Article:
A man is in "extremely critical" condition after being shot while in the driver's seat of a rental vehicle Tuesday morning, according to police in Las Vegas.
- Reuters Videos
Meghan, who has a Black mother and a white father, said that when she was pregnant with Archie and living as a senior royal in Britain, there had been "concerns and conversations" about how dark her son's skin might be."That was really hurtful to a lot of people to be honest, especially because I'm Black as well," 18-year-old Binta Barr said when asked for her reaction to Meghan's interview with Oprah Winfrey, which aired in the United States on Sunday.The issue of racism and what part it may have played in Meghan's struggles with her husband's family, and with life in the public eye, is one that divides the British public.At one end of the spectrum, many Britons, especially in the Black community and in younger age groups, empathize with Meghan and see her as a victim of racist attitudes in the media and potentially in the royal establishment.At the other end of the spectrum, other Britons, especially older white people, dismiss Meghan's complaints as baseless and undignified, saying she should show more respect for the institution into which she married.According to a YouGov poll of more than 4,300 British adults published last month, there was a direct correlation between people's age and whether they felt it was appropriate for Harry and Meghan to bare their souls to Oprah Winfrey.The survey found that among people aged 18 to 24, 52% felt it was appropriate while 21% felt it was not. Among people aged 65 or older, 70% felt the interview was inappropriate while just 11% approved.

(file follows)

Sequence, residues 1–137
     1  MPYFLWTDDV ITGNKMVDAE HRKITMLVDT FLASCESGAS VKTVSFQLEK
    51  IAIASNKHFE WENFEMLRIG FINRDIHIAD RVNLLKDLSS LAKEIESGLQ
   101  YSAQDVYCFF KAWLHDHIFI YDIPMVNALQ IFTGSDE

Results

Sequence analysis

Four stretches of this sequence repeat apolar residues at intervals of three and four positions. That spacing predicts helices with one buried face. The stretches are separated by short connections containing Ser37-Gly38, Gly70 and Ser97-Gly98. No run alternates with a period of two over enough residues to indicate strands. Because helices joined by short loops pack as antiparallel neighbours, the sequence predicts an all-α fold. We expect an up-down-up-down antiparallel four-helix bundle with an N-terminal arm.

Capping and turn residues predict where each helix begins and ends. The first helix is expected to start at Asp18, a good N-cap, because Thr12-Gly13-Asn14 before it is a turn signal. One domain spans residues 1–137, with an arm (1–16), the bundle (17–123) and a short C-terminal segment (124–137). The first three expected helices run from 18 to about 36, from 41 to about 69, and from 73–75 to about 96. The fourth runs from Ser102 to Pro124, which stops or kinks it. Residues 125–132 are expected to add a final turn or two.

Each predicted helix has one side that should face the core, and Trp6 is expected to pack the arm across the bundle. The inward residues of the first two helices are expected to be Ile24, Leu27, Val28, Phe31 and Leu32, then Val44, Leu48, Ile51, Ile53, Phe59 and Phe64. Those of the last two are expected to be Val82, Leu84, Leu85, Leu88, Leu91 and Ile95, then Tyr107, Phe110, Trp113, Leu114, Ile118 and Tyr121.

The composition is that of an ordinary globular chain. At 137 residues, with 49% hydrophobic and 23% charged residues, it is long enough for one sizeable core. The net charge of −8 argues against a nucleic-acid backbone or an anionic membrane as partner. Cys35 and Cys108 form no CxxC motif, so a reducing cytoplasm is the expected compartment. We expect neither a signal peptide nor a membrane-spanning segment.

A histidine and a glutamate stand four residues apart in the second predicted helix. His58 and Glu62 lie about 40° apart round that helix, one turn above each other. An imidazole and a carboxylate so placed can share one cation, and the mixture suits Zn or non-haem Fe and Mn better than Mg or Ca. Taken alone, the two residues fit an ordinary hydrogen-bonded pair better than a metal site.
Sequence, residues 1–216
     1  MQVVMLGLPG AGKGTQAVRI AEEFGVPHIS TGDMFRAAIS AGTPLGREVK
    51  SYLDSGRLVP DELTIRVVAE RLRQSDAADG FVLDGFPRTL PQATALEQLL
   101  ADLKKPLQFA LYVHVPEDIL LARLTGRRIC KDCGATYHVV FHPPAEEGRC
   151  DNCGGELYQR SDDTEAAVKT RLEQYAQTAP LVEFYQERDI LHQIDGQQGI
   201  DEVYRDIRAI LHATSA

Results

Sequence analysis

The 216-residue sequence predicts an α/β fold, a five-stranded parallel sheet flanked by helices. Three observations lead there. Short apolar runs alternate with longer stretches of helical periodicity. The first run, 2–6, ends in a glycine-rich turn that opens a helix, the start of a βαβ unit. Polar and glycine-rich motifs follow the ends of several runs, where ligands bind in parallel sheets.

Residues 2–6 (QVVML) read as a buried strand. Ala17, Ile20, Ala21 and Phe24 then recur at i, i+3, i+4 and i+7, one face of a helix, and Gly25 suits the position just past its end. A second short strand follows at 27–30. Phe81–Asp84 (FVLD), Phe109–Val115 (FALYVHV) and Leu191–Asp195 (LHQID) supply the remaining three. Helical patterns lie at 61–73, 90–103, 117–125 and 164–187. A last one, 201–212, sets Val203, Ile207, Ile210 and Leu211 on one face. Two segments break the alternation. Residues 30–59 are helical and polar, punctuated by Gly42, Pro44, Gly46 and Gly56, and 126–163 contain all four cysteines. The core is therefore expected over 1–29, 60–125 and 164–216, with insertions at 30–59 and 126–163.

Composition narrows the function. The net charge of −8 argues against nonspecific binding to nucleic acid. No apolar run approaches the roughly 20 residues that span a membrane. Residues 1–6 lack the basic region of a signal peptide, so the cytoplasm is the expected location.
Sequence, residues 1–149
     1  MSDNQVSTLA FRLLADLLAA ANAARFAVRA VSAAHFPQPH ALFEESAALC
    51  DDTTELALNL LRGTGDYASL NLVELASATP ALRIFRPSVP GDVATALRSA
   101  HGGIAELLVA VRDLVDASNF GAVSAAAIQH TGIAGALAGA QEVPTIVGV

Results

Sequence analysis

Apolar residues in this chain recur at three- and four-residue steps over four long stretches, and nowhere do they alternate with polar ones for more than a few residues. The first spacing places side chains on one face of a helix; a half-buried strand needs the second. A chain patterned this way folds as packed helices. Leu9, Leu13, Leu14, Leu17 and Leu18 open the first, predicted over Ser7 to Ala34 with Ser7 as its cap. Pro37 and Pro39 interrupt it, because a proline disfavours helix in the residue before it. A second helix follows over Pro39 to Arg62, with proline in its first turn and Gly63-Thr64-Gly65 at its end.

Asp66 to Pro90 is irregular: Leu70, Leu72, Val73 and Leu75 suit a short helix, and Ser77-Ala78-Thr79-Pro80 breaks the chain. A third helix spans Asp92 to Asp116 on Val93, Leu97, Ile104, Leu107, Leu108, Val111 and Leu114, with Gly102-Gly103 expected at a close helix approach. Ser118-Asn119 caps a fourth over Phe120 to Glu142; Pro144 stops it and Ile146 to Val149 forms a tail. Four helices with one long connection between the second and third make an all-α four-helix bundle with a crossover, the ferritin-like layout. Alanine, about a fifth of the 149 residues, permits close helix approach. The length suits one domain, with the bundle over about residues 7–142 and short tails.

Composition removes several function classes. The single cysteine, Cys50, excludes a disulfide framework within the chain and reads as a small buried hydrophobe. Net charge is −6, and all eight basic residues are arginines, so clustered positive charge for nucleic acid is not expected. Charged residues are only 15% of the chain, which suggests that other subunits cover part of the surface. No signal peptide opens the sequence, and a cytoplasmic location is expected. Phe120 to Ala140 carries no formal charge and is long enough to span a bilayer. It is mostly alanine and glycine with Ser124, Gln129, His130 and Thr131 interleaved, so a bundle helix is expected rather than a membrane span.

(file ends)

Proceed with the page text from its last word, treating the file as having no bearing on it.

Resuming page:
Prince Harry says he was living off an inheritance left to him by Princess Diana after he was financially cut off by his family
Prince Harry told Oprah Winfrey he thought his mother "saw it coming" after her own experience with the royal family.